Try Hopping John – it’s a must-have New Year’s traditional dish

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We hope you all had a wonderful Christmas. Now, we are getting ready for New Year’s Eve and New Year’s Day! We simply MUST have Hoppin’ John on New Year’s Day, and will share with you some recipes for that delicious traditional dish made with blackeyed peas or cowpeas or fieldpeas! Whatever you call your peas (not the little round green English peas), you can flavor them with ham. Or use a smoked turkey leg if you don’t eat ham. My sister does that, and we all love it that way. This traditional New Year’s Day recipe of good-luck peas with rice is a universal favorite. This whole column is devoted to Hoppin’ John or blackeyed peas (a type of cowpea) and cornbread.

According to Mrs. Barnwell (Mary Royall) in Charleston Receipts, “Hopping John, made of cowpeas and rice, is eaten in the stateliest of Charleston houses and in the humblest cabins and always on New Year’s Day. “Hoppin’ John eaten then will bring good luck” is an old tradition.”

Blackeyed Peas from Southern Living All-Time Favorites uses frozen peas. We thank that organization for sharing their terrific recipes with us.

Fresh Black-Eyed Peas as published in The Progressive Farmer’s SOUTHERN Cookbook, is a simple pea recipe. Just serve over rice and you will enjoy it greatly.

Brewster Bray’s Blackeyed Peas recipe has been a favorite of ours for years. We found it in First Presbyterian Church of Apopka’s Treasures and Pleasures. We thank you so much for sharing.

Amanda Henke’s cornbread is the deliciousEST I have ever eaten. No joke. We made a big pan of it at Thanksgiving to make a huge bowl of Cornbread Dressing. What wonderful taste it has. The recipe fits in a great big black iron skillet. You could use a couple of cake pans if you don’t have the big skillet. We used her alternative to baking powder method that is included in her recipe. We thank this reader for sharing her wonderful recipe with us.

MRS. W. H. BARNWELL’S

HOPPING JOHN

Recipe from Charleston Receipts, America’s Oldest Junior League Cookbook in Print,

a Cookbook by The Junior League

of Charleston, Inc.

1 cup raw cowpeas

(or dried fieldpeas)

4 cups water

2 teaspoons salt

1 cup raw rice

4 slices bacon fried with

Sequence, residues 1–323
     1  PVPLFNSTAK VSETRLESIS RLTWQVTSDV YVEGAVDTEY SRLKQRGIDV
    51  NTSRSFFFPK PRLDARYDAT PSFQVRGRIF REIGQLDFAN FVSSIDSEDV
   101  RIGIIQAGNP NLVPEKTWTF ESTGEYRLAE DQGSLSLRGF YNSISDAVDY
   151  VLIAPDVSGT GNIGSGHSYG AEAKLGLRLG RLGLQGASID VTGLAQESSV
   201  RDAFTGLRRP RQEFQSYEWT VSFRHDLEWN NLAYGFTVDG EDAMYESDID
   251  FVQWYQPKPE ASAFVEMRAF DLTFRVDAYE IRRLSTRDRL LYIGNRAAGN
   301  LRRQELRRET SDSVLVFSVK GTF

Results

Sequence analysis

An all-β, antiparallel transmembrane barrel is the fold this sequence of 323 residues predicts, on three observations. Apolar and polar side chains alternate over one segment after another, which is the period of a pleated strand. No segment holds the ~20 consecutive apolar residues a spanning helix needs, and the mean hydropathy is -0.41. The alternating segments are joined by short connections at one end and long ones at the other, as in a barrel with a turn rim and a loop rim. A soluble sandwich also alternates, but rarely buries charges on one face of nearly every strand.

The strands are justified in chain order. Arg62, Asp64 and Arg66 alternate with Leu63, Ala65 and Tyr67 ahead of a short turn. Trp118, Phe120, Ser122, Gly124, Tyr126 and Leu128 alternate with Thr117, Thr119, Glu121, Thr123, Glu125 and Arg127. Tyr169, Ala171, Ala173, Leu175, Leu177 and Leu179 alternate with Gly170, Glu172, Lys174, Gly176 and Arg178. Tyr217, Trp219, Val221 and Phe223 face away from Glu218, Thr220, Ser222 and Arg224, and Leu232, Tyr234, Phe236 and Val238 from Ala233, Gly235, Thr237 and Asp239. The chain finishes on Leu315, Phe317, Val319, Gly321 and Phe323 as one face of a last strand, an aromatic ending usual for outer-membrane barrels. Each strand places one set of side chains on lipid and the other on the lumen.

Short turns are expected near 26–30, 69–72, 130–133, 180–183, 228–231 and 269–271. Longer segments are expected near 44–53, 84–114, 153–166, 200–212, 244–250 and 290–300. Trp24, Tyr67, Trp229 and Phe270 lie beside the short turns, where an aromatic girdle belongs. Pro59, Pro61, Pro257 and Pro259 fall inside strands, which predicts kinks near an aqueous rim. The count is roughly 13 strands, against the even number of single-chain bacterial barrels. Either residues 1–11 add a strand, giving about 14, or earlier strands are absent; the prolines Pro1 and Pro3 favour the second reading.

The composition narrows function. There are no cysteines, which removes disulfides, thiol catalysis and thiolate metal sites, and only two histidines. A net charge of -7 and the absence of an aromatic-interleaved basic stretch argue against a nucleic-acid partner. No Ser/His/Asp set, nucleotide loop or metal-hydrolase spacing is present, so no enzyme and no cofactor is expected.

1 medium onion, chopped

Boil peas in salted water until tender. Add peas and 1 cup of the pea liquid to rice, bacon with grease and onion. Put in rice steamer or double-boiler and cook for 1 hour or until rice is thoroughly done. Serves 8.

PEAS, BLACKEYED (HOPPIN’ JOHN)

Recipe from

Southern Living All-Time Favorites

1 cup sliced celery

2/3 cup chopped onion

1 garlic clove, minced

1 tablespoon vegetable oil

1 (16-ounce) package frozen black-eyed peas

3/4 pound cubed cooked ham

2-1/2 cups chicken broth

1/4 teaspoon dried crushed red pepper

1 bay leaf

1 cup uncooked long-grain rice

Freshly ground pepper

Garnish: celery leaves

Cook first three ingredients in hot oil in a Dutch oven over medium-high heat, stirring constantly, until tender. Stir in peas and next four ingredients. Bring to a boil; cover, reduce heat, and simmer 30 minutes. Stir in rice; cover and cook 20 to 25 minutes or until liquid is absorbed and rice is tender. Discard bay leaf before serving. Sprinkle with freshly ground pepper. Garnish if desired.Makes 4 servings.

FRESH BLACK-EYE PEAS

The Progressive Farmer’s SOUTHERN Cookbook

Boiling water as needed to cover peas

1/2 pound smoked meat

1 quart shelled, washed black-eye peas

1 teaspoon salt

1/4 teaspoon black pepper

1/4 teaspoon cayenne pepper

Cover a half-pound thin-sliced smoked meat with boiling water, cover tightly and boil 15 minutes. Add 1 quart shelled, washed black-eye peas, salt, black pepper and cayenne pepper. Add more boiling water to cover. Cover tightly and bring to a boil. Reduce heat and simmer about 1-1/2 hours or until peas are tender and just slightly green tinted. Add seasonings to taste. Yield 10 to 12 servings.

BREWSTER BRAY’S

BLACK-EYED PEAS

Recipe from First Presbyterian Church of Apopka,

Treasures and Pleasures

1 pound dried black-eyed peas

1 medium onion, chopped fine